Some persons whose names found their way on to blacklists fought to get them off and clear their reputations. For instance, Wichai Samtung, an ethnic Lisu villager of Ban Huay Kiang Sang village, Phrao district, Chiang Mai province, was allegedly framed by police together with three other villagers during a search of their houses on April 26, when they produced one amphetamine pill as ‘evidence’ against him. Wichai, who has worked for three years as an anti-drug committee member, sought help from the Law Society of Thailand with the other villagers. Meanwhile, the police tried to talk Wichai out of taking the case to court, which they said would be “time consuming”. According to Wichai,

At first there was one pill in the search. However, the number mysteriously increased to three when police pressed the charge in court as I refused to surrender. They (the police) said the penalty for possessing just one pill was minor, possibly just a few thousand Baht fine and it would be in my best interest to confess and end the case quickly. But I could not follow that advice since I am innocent. I will fight on even if it was one pill or just half a pill.

In another case, lawyer Somchai Limsgoon, president of the Law Society of Samut Songkram Province, was blacklisted for having earlier defended accused drug dealers in court. Somchai fought the listing and the provincial commanding officer later agreed with him that his name should not have been on the list, but in the meantime his reputation was seriously damaged and personal security compromised.

Another critique of the government’s lists was made by Charan Pakdithanakul, secretary to the Supreme Court president, who said that, “People may take one look at the death toll and hail the government, but if you scrutinize the names of those killed, there’s not a single big-time dealer.”[24] Similarly, a New York Times article noted that the dozens of organized crime groups running the drug trade protected or led by powerful civilian and military figures were unaffected by the campaign.[25] The Interior Ministry finally ordered the Narcotics Control Board to check the lists on February 26.[26] A sub-committee to monitor operations taken under the anti-narcotics law was also established, with guidelines to ensure that proper legal procedure be followed with regards to incidents reported in relation to the ‘war on drugs’. The panel asked the police to send all related data for it to examine within the month, and report on the causes of death and their investigations every 15 days.[27] However, the sub-committee was not taken seriously, and it was not until the end of April that police began submitting reports, by which time they would have been able to conceal or doctor any problematic evidence against them.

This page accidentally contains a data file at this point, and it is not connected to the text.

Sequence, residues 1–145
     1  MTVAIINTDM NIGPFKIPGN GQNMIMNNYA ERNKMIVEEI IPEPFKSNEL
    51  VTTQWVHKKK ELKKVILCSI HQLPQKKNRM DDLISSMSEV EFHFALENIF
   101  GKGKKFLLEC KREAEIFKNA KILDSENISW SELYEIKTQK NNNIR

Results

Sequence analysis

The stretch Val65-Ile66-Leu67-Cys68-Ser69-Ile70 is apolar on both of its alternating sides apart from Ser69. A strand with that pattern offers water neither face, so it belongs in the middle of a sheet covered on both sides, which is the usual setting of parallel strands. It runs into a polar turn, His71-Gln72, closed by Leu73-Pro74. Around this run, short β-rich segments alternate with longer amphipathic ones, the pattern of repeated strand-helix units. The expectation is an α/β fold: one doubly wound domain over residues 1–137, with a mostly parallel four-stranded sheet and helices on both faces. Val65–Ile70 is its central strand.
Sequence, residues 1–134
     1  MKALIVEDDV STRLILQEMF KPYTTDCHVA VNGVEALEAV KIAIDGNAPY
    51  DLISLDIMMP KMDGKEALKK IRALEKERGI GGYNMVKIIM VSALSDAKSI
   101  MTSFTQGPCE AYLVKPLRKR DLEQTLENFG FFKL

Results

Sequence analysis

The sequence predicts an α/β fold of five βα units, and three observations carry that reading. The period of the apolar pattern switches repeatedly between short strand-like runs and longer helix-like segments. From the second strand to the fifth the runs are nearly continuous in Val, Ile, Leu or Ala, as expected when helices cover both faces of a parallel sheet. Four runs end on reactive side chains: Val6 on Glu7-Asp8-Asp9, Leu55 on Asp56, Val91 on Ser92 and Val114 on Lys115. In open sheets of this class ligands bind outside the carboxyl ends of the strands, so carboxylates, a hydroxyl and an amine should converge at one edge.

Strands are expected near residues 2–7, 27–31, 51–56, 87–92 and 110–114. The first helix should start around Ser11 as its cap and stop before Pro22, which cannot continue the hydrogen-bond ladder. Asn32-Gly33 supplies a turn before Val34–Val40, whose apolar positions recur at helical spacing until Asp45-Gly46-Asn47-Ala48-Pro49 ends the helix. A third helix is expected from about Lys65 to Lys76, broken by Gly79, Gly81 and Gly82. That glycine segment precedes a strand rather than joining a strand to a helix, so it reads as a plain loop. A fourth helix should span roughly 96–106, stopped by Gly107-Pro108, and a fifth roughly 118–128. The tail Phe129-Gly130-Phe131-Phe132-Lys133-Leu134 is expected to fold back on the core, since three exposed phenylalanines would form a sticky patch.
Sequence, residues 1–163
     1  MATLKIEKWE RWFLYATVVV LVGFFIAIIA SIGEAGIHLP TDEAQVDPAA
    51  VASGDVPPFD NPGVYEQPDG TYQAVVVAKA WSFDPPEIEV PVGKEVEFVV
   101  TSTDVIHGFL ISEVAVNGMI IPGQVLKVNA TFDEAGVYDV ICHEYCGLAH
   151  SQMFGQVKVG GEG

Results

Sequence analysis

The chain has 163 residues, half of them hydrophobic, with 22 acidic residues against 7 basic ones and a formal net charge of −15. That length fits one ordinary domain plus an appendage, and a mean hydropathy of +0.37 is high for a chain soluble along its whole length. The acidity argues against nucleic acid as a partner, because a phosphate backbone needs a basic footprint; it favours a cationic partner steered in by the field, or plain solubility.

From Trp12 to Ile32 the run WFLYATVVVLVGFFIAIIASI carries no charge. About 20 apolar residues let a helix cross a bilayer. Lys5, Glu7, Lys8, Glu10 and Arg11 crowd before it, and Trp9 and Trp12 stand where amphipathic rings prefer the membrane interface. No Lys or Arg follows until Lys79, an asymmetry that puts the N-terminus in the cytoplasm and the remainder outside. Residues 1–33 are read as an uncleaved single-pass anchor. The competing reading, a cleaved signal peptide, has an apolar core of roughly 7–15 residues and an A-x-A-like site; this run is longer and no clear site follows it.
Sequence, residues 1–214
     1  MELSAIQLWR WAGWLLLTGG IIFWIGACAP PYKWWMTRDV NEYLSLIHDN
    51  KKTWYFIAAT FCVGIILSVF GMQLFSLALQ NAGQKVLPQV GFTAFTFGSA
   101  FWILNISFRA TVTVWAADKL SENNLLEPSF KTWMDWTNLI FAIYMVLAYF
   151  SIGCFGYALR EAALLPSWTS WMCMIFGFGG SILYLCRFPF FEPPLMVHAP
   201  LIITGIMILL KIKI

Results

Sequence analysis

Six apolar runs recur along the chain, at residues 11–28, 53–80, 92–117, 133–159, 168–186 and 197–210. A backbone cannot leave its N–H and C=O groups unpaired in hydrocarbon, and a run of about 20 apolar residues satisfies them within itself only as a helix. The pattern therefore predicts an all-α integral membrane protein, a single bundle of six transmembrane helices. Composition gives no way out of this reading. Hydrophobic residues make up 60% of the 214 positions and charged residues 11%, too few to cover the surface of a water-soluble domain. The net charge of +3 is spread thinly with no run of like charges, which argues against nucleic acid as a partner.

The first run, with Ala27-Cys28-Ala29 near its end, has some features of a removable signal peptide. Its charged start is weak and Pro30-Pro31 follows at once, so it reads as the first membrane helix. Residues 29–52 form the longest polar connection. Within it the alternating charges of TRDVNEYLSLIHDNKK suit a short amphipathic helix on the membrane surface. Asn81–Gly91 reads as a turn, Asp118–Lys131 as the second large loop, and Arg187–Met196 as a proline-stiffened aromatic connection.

The Thai government not only repressed and ignored most of the criticism from its own public but also feigned indifference to international criticism. Dr Pradit Chareonthaitawee, a member of Thailand’s National Human Rights Commission received political and physical threats after expressing concern about the high number of killings.[28] Dr Pradit made a presentation at a United Nations (UN) conference in February on the human rights situation in Thailand, including extrajudicial killings and the rising death toll of the anti-drug campaign.[29] Dr Pradit maintained that the National Human Rights Commission Act authorizes its commissioners to inform the world about on-going human rights violations in Thailand.[30] Prime Minister Thakshin, however, labeled his behaviour as “sickening” and questioned his authority to communicate with the UN.[31] A spokesman from the ruling Thai Rak Thai party threatened Dr Pradit with impeachment due to his actions being “biased and against national interests”.[32] Dr Pradit also received death threats on March 5 and 6 from an anonymous caller who told him to “stop speaking to the United Nations or die”.

Meanwhile, the Thai government continued to insist that the means justified the ends. A foreign ministry spokesperson told reporters that, “We want the international community to see our side of the story. It’s necessary for the government to take decisive action to deal with the drug problem.“[33] Prime Minister Thaksin was less diplomatic, commenting facetiously that “the United Nations is not my father”. However, the Interior Ministry banned the release of statistics on drug-related deaths on February 28, in contrast to its earlier public tallies and apparently in part due to adverse international reaction.[34] After that date, reports of killings in newspapers also dwindled.

By the end of March, the government agreed to cut its drugs arrest target to 75%, after officially stating that some people on the lists did not exist.[35] The government also received reports on state officials suspected of drug involvement. The Local Administration Department fired or suspended 40 village chiefs, while a disciplinary investigation was being conducted against 141 chiefs. The Royal Thai Police Office blacklisted 477 officers, 135 of whom were fired, while 39 faced criminal prosecution. On April 1 the Prime Minister announced that all government officials suspected of involvement in the trade would be transferred to inactive posts.[36]